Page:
We need to talk about China: teeny tiny pens part 2

If you ever want to start a claws out, no holds barred pond war, I have the best topic for you. It’s not what you might expect: not universal healthcare, gun control or freedom of speech. Those are divisive, but they’re divisive within the US as well. Go to an international group of cat people and express an opinion about whether or not cats should be allowed to roam outside. Then you will hit upon a powerful pair of ingrained cultural norms. In general, Brits tend towards “absolutely – the poor buggers will get bored out of their minds otherwise” and Americans will usually default to “of course not – are you trying to kill your pet?” Even shelters will tend to default to these positions: a British shelter might give you an old, disabled or FIV+ kitty if you don’t have a garden but good luck persuading them about other cats. American shelters, as I understand it, will turn you away unless you agree to keep your kitty inside.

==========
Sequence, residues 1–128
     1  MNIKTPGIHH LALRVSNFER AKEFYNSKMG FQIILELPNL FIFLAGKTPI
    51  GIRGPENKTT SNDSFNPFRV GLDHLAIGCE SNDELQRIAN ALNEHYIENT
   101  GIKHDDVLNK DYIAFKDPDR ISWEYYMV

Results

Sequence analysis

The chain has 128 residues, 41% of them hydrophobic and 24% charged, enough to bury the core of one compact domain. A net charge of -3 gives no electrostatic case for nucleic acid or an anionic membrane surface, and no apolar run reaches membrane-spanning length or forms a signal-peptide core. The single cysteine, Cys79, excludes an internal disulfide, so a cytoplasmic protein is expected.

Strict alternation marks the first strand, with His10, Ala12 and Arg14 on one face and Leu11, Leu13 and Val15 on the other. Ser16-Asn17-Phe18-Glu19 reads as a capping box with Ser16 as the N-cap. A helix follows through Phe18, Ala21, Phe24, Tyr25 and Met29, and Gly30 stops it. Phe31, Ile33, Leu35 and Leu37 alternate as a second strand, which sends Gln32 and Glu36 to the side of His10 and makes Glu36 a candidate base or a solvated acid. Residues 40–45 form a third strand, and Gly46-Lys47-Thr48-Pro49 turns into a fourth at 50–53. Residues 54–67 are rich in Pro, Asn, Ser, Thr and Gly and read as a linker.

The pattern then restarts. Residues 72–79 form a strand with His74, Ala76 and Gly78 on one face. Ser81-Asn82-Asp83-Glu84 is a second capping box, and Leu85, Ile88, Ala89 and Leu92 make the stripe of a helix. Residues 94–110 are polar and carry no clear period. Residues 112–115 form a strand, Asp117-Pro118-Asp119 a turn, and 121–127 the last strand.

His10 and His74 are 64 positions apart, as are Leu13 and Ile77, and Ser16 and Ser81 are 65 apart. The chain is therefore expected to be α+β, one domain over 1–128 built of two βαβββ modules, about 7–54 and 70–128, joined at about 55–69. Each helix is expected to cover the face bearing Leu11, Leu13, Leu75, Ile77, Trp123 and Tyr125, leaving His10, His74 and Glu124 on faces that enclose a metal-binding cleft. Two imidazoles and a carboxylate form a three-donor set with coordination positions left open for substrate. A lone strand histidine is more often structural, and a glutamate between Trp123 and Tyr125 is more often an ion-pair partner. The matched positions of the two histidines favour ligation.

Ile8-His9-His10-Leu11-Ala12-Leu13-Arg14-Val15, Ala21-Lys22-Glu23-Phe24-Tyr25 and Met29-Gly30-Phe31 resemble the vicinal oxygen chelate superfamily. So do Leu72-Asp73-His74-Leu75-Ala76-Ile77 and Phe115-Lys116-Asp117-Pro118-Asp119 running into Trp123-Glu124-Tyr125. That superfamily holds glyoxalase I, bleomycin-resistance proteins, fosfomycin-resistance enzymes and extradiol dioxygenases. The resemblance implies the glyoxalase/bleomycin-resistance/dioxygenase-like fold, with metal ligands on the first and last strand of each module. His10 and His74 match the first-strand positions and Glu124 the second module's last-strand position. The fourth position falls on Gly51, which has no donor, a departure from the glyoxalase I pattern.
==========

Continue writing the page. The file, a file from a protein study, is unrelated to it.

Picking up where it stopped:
It will get heated. Before long everyone will be considered an evil animal torturer. A few people will jump in with other arguments, usually “my neighbour’s cat shits in my flower beds and I want it to die” and “they’re killing the birds!” Both of which are valid but will be ignored. Budding friendships will be destroyed because as it turns out that other person who seemed nice is actually evil. There will be no consensus ever.

Is there an equivalent in the pen nerd world? Well it doesn’t run along national lines but the subject of China is pretty damn divisive. I’m not talking about the political or social situation – although DAMN if you start looking into Chinese surveillance and control of citizens it’s horrific. I’m talking about the Chinese pen industry. I have been a pen nerd for a little under two years and in that time I have seen Chinese pens become more and more prominent and more and more divisive.

The first thing to note is that most of them are very, very cheap. You can buy a big pack of Jinhaos or Wing Sungs for the cost of a single European, American, or Japanese “starter” pen. The second is that the quality ranges from dire to actually surprisingly good. When on a recommendation I picked up my first Jinhao (a 750) I was stunned by how well it wrote and the fact that it looked like a much more expensive pen.

And then on another recommendation I bought a Baoer. It was quite obviously a piece of crap, wrote badly, and was so flimsy and light it felt like it would disintegrate. But I was really surprised by it being an obviously fake Parker, from the arrow clip to the font used for the brand name.